As foals, Miniature horses play extensively, running and chasing other foals, and playing with large balls. As the miniature horse matures they lose interest in play, but the mini horse can still enjoy games. One of the favorite games for adult miniature horses is bobbing for apples. You simply fill a toddler pool with six inches of water, and drop in two apples. 

Do miniature horses sit?

Sitting is not natural or comfortable for a miniature horse, and miniature horses generally only sit up after lying down. However, sometimes a mini horse will act like a dog. For example, Cuddles, the Guide Horse for Dan Shaw, will lift her hind leg and scratch her ear, just like a dog.

How much Vet care do miniature horses require?

Vet care for a horse is comparable to that of a dog. Yearly immunizations are required, and bi-monthly de-worming is required to keep the miniature horse healthy and protected from disease. A de-wormer (such as Ivermectin) can be administrated orally by the owner. The mini horse also needs a farrier to trim their hooves every six to eight weeks.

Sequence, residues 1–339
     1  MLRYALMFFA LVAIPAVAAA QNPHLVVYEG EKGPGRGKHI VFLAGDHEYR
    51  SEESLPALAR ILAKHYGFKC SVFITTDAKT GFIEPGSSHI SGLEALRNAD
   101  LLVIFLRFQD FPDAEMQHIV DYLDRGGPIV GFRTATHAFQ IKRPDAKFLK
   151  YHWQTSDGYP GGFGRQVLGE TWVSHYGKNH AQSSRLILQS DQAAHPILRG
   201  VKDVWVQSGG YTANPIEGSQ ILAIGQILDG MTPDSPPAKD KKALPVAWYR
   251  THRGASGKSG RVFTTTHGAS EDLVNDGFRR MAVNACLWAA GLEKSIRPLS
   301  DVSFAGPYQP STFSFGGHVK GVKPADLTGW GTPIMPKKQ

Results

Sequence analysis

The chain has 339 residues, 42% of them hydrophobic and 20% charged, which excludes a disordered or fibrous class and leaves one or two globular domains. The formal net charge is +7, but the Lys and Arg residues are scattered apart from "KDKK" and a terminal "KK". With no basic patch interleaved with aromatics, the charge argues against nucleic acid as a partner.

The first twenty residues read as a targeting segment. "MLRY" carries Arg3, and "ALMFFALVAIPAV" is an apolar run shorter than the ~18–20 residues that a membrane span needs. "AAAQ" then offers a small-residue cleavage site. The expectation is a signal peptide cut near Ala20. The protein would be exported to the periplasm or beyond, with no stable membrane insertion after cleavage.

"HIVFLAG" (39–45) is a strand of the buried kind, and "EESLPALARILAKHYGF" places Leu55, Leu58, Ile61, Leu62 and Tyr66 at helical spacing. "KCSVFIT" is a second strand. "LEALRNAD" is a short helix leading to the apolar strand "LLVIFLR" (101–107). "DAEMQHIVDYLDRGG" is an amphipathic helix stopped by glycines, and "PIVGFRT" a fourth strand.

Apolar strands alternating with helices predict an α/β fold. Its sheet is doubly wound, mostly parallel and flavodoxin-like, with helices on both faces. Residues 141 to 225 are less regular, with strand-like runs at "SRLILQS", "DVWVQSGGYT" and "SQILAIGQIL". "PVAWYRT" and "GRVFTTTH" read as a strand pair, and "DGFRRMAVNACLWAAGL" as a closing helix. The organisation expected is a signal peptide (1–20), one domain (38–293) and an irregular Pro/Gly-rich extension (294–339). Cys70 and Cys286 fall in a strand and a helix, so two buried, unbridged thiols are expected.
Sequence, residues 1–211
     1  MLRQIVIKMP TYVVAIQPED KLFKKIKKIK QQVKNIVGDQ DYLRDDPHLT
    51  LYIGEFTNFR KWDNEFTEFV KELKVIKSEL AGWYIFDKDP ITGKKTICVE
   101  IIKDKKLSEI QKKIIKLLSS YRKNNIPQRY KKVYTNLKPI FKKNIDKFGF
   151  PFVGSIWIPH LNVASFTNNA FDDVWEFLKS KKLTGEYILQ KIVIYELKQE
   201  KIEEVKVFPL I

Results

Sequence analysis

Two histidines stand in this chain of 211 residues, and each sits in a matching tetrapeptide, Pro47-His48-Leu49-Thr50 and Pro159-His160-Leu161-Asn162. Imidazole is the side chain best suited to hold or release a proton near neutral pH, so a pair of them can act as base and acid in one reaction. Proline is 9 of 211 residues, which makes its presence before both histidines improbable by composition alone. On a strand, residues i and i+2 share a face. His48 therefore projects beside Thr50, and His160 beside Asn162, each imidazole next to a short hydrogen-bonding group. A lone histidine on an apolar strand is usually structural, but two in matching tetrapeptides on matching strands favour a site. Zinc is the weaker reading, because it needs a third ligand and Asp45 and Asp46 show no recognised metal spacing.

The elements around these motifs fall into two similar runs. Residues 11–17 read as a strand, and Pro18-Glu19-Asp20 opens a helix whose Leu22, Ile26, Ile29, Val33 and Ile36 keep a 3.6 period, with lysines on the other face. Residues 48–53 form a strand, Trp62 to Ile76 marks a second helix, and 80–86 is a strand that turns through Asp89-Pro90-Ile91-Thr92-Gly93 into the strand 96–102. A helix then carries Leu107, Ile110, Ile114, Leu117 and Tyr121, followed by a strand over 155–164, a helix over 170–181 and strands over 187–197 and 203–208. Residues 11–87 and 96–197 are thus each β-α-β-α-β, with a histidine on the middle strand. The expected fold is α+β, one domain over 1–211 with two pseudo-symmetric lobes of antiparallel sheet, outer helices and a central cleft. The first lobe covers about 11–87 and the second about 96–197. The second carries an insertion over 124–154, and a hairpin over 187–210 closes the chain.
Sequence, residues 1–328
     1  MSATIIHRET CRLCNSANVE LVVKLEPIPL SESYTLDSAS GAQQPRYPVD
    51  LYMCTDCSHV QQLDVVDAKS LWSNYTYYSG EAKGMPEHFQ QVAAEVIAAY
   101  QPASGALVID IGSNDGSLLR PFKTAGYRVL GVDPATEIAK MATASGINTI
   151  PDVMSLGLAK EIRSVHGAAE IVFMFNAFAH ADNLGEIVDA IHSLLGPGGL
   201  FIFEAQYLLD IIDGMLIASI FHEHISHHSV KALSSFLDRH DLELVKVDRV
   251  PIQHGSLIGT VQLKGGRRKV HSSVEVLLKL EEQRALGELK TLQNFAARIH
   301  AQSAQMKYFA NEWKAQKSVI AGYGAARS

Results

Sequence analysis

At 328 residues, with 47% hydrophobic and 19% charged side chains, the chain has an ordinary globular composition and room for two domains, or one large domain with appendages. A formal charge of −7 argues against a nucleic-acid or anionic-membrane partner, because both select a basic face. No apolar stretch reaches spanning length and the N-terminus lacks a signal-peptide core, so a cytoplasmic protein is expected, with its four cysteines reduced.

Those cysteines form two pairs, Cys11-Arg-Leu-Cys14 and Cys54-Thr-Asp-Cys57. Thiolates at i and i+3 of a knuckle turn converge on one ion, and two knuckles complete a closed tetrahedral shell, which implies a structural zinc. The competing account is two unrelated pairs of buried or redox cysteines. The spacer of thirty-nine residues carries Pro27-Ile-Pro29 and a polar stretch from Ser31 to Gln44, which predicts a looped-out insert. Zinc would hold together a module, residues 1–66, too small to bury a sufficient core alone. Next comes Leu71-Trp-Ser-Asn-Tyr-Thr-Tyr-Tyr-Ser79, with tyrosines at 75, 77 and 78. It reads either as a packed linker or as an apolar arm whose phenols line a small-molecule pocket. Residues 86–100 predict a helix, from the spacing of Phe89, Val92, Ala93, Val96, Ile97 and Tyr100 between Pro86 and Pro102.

Does a miniature horse need to be groomed?

Miniature horses shed twice per year, once in the spring as they lose their winter coats, and again in the fall as their winter coat grows in. The mini horses love to be brushed, and owners are encouraged to brush their miniature horse daily. Miniature horses can be bathed occasionally, but bathing too frequently will dry out their skin.

Do miniature horses get fleas?

No. Fleas have a natural aversion to mini horse skin so they do not get fleas.

How much does the average Guide Horse weigh?

The miniature horses chosen for Guide Horse training weigh approximately 55-100 pounds.